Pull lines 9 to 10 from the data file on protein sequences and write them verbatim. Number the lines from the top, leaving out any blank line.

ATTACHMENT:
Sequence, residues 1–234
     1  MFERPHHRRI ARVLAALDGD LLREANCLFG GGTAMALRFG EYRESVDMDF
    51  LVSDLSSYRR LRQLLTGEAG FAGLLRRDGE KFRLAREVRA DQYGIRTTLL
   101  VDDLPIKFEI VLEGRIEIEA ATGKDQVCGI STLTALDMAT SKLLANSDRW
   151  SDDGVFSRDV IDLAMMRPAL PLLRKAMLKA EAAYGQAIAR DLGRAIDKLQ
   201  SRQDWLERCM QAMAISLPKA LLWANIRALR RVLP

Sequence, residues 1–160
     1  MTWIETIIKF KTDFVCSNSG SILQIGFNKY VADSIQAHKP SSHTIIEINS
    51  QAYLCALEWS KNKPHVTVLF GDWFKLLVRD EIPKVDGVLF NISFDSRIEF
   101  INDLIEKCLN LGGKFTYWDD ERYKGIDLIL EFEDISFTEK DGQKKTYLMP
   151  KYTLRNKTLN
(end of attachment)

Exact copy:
    51  QAYLCALEWS KNKPHVTVLF GDWFKLLVRD EIPKVDGVLF NISFDSRIEF
   101  INDLIEKCLN LGGKFTYWDD ERYKGIDLIL EFEDISFTEK DGQKKTYLMP